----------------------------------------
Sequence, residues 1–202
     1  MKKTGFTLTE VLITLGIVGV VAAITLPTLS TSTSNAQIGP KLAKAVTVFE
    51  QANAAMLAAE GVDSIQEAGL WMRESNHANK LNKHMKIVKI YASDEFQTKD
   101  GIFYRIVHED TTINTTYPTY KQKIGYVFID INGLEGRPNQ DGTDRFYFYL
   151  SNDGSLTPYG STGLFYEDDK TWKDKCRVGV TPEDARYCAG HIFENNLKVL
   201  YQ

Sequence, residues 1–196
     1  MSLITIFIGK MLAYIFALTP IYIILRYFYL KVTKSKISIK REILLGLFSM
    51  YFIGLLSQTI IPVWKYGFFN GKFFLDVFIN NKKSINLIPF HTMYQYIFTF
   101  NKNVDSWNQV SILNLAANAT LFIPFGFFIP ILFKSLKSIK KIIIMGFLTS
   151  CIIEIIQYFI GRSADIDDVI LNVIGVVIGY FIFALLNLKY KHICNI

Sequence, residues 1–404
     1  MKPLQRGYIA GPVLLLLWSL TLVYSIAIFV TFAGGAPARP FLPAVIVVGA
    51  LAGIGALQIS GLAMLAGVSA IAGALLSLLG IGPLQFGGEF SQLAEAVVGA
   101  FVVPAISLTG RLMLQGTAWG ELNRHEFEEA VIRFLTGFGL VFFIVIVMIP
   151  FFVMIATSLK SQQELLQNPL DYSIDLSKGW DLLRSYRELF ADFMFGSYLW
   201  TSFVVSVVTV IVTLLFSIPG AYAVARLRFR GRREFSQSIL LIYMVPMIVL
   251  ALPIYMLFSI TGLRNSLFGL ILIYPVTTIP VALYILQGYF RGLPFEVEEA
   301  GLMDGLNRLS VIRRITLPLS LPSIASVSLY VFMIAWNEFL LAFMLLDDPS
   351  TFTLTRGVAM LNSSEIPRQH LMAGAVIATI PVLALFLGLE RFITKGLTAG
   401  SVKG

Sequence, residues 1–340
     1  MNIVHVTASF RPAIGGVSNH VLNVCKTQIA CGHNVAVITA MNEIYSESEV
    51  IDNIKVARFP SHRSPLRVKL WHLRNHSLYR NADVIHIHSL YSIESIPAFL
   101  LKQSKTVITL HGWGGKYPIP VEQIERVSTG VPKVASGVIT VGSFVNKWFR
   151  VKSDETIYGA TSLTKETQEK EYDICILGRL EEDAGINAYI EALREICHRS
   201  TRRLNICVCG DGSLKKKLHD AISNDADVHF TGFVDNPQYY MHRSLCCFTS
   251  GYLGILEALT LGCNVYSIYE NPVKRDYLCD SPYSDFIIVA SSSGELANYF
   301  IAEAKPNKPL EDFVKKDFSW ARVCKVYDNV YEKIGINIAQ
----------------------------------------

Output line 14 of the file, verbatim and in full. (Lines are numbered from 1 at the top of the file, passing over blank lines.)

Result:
    51  LAGIGALQIS GLAMLAGVSA IAGALLSLLG IGPLQFGGEF SQLAEAVVGA